Earth Joins the Selfie Brigade
Remember when you had to rely on seeing just a part of yourself in the reflection of a dark lake or in a small expensive piece of polished copper or silver-mercury? Probably not. I know that I, for one, take the highly reflective and often inexpensive modern mirrors for granted, not to mention the panoply of high-resolution cell phone cams, web cams and other photography and video cameras that can show us what we look like from head to toe at any given moment. Kim Kardashian West offers perhaps a good example of how ubiquitous “selfies” can be today – so easy to access that she can post many dozens each week across her
On the calm top of a lake, a clear reflection is produced. Credit: Prabhu B Doss
If you go back just a handful of decades however, our home planet, Earth, was unable to get a full well-lit view of itself (and good lighting, as Kim Kardashian West knows, is everything). Earth is a pretty decent size for a terrestrial planet at about 4,000 miles in radius with a total surface area of about 200 million square miles. To get a good full-body shot of something that large, the camera taking the planet-sized selfie has to be far enough away from Earth to get the entire planet in the shot, which could be between about 25,000 miles and a million miles away. To achieve the best lighting conditions, the camera also has to be positioned in between the lighting source (our Sun) and the subject (Earth).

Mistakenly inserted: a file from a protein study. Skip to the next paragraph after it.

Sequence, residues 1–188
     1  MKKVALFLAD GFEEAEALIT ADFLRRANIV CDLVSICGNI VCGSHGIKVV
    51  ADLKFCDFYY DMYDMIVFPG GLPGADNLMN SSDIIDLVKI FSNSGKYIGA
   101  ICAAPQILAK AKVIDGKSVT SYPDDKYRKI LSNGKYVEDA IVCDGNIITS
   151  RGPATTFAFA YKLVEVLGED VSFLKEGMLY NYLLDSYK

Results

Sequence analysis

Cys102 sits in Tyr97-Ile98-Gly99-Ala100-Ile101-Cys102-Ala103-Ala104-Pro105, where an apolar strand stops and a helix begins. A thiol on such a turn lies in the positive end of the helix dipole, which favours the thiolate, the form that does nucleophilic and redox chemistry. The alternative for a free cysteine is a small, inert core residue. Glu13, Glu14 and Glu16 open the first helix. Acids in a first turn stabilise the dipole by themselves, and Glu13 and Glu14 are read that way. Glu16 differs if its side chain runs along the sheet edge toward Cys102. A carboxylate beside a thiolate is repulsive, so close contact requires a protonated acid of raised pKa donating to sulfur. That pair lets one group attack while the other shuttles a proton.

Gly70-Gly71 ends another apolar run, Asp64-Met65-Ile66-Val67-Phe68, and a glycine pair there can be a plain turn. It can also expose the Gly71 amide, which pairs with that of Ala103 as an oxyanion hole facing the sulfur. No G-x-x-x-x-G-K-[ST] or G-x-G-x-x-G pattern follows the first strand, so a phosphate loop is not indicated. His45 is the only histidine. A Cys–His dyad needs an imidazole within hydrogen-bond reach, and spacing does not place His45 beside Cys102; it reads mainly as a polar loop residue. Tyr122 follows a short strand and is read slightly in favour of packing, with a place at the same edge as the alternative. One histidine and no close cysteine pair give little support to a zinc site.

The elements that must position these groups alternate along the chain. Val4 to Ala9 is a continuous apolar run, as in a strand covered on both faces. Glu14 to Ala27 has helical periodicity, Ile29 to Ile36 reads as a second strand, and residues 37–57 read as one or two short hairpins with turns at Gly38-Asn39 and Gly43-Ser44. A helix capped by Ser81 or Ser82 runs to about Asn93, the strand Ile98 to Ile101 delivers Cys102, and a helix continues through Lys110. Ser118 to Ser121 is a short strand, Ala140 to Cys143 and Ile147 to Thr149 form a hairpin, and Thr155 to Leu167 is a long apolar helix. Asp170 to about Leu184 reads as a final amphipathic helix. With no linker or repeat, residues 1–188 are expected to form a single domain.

Having gone many thousands of years without humans being able to see their own whole planet, it is perhaps unsurprising how much of a hit the very first well lit, high-resolution, full-body views of Earth were. As the —> Read More